Effective as of Nov. 1, Stephanie Simpson was appointed the associate vice-principal in human rights, equity, and inclusion.
Simpson worked in the Human Rights Office at Queen’s since 1996. In 2018, she was named executive director (human rights and equity offices) and university advisor on equity and human rights.
This interview was edited for length and clarity.
How do you feel about your appointment?
I think that, like many others in the community, I’m feeling like it’s a welcome change and in fact it’s overdue. This comes out of a recommendation that folks made 18 months ago through the Principal’s Implementation Committee on Racism, Diversity, and Inclusion (PICRDI) process, and it’s nice to see all of this finally come to fruition. I [and] many people didn’t see this coming. When the recommendation was made that I’d be the person appointed to the role, it was a welcoming surprise. I think this is a great move for the community and I’m glad that people came to the point where it was time to put this in place.
What is your background in human rights and equity?
Like a lot of people, I did not train to be a human rights and equity specialist. I came to this fairly organically. Throughout my time at Queens as an undergraduate, I was actively seeking to be involved within the human rights and equity community. I was a member of African & Caribbean Students’ Association (ACSA), the Black History Collective, as well as the Queen’s South Africa Solidarity group, so I was pretty engaged in student life around some activist themes. I’d come to Queen’s to pursue history and English as a concurrent education degree. After graduating, this came up as a part-time contract position with the human rights office at the University. I’d been very fortunate to be mentored in the human rights area over 22 years by the previous director.
How did you start in human rights at Queen’s?
I came in completely unexpected. I had a background in community engagement when it came to human rights and social justice issues, but it wasn’t my intended profession—really just before I was to do my teaching year in con-ed a part-time position came up. I was actually working in this office while I was finishing my con-ed degree, and then I was just offered more and more opportunities. I ended up having to make a decision between pursuing opportunities within the teaching profession or stay with human rights.
What did you accomplish in the Human Rights office during your tenure?
I’d say the development of relationships with strong stakeholders amongst campus, such that we were able to work together to create a more welcoming community. I think we’ve managed as a team to demonstrate we’re here to help, we’re here to spread awareness, we are here to advise and encourage practices and activities that are in the best interest of all communities.
How will elevating your role to associate vice-principal change what you are able to accomplish?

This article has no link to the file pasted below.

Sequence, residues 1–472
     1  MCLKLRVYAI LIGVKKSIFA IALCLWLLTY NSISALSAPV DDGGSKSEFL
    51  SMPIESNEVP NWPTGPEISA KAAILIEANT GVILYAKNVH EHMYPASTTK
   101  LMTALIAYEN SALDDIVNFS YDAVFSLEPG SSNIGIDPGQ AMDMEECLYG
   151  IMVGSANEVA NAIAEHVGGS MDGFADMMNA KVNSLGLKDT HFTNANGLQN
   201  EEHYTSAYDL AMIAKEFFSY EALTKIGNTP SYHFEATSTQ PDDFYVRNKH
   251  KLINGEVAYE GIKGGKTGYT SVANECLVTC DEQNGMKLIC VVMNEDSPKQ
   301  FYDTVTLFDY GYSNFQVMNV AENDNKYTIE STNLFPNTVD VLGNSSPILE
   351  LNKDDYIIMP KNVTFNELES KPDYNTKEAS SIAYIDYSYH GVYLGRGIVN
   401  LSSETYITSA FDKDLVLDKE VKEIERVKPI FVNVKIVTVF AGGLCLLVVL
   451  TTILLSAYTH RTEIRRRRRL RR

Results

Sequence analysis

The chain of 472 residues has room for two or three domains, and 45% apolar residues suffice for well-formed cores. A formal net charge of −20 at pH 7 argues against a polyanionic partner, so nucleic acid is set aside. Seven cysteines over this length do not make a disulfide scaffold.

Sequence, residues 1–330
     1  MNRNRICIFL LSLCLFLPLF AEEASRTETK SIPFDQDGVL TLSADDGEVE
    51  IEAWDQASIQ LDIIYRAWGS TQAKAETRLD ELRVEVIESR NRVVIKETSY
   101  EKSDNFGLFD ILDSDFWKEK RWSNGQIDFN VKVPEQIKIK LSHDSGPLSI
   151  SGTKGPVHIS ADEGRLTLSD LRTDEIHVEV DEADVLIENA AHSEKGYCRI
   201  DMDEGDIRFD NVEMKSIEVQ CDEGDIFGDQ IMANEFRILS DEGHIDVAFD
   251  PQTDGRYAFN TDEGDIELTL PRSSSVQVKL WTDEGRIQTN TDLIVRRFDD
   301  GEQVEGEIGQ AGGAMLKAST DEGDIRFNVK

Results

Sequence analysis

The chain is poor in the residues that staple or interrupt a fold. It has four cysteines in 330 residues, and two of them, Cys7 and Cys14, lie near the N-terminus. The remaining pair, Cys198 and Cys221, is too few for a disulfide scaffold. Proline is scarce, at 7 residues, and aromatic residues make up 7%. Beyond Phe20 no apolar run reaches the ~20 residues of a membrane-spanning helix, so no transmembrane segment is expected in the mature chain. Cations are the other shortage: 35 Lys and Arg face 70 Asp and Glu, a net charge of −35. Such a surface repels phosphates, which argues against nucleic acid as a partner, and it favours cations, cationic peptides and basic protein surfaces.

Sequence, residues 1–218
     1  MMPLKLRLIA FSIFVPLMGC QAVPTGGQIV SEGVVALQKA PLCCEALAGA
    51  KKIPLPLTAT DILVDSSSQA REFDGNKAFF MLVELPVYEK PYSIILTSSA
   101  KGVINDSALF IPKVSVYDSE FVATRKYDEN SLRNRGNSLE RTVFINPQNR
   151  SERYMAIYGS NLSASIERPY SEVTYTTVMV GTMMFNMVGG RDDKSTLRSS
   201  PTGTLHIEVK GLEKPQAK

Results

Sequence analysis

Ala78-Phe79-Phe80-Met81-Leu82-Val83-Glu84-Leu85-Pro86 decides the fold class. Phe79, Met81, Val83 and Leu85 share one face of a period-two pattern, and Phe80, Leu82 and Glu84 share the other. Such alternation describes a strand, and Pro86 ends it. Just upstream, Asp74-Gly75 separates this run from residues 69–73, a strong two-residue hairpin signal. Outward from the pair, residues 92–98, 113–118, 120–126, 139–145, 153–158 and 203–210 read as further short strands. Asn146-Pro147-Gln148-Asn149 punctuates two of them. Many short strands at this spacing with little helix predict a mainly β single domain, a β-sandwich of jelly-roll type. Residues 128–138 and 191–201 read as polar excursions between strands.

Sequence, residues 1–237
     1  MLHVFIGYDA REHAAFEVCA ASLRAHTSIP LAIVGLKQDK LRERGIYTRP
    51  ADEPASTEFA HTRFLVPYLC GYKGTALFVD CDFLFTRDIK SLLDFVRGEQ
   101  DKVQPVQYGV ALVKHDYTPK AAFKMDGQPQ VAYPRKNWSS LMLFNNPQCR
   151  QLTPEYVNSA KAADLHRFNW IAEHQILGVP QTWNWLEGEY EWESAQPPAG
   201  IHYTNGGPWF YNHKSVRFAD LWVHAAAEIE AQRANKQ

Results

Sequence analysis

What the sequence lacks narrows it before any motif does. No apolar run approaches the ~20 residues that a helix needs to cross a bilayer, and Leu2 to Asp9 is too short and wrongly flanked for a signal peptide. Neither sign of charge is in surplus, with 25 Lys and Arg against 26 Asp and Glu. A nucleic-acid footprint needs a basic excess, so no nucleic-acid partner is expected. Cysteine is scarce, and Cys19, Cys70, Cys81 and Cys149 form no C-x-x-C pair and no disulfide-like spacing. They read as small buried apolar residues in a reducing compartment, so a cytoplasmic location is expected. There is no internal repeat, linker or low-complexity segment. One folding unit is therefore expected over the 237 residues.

The PICRDI report sets out what it is that they envision that an AVP would be able to do and really, they talk about this person being able to influence change and to, on a more concrete level, implement many of the recommendations they have been made in various reports. Beyond that, I see the role of the AVP being one of a facilitator, someone who is able to more strongly able to empower groups within the community. Many have fought long and hard to make this an equitable campus, and fought long and hard to achieve this kind of goal. A lot of the work that we have been doing with equity and human rights will continue, but I believe that in the future I will be around more places on campus that encourage diversity and have more opportunities to meet with departments and work with senior administration.
What is your vision for Queen’s?
I would love to see Queen’s become a leader in equity, human rights, and inclusion. I believe we need to set our hopes high, and I don’t want Queen’s merely doing the minimum it can to ensure human rights and equity obligations are being met. I believe Queen’s can become a leader in this field and, when I look at what we might achieve five years or more down the road, realistically 10 or 20 years down the road, I’d like Queen’s to be known for its diversity—for its intentional engagement of that diversity in areas like research, campus life, and teaching, and learning.
How do you plan to accomplish this?
I’ll continue to work closely with the University Council on Anti-Racism and Equity (UCARE) [and similar groups], and I’ll work closely with the deputy provost of academic operations and inclusion, Dr. Teri Shearer, to continue to strategize and develop plans in terms of moving forward. Many plans are already in motion. There’s a great deal that have come out of the provost office, in terms of establishing groups like UCARE as well as auctioning recommendations in the TRC report.
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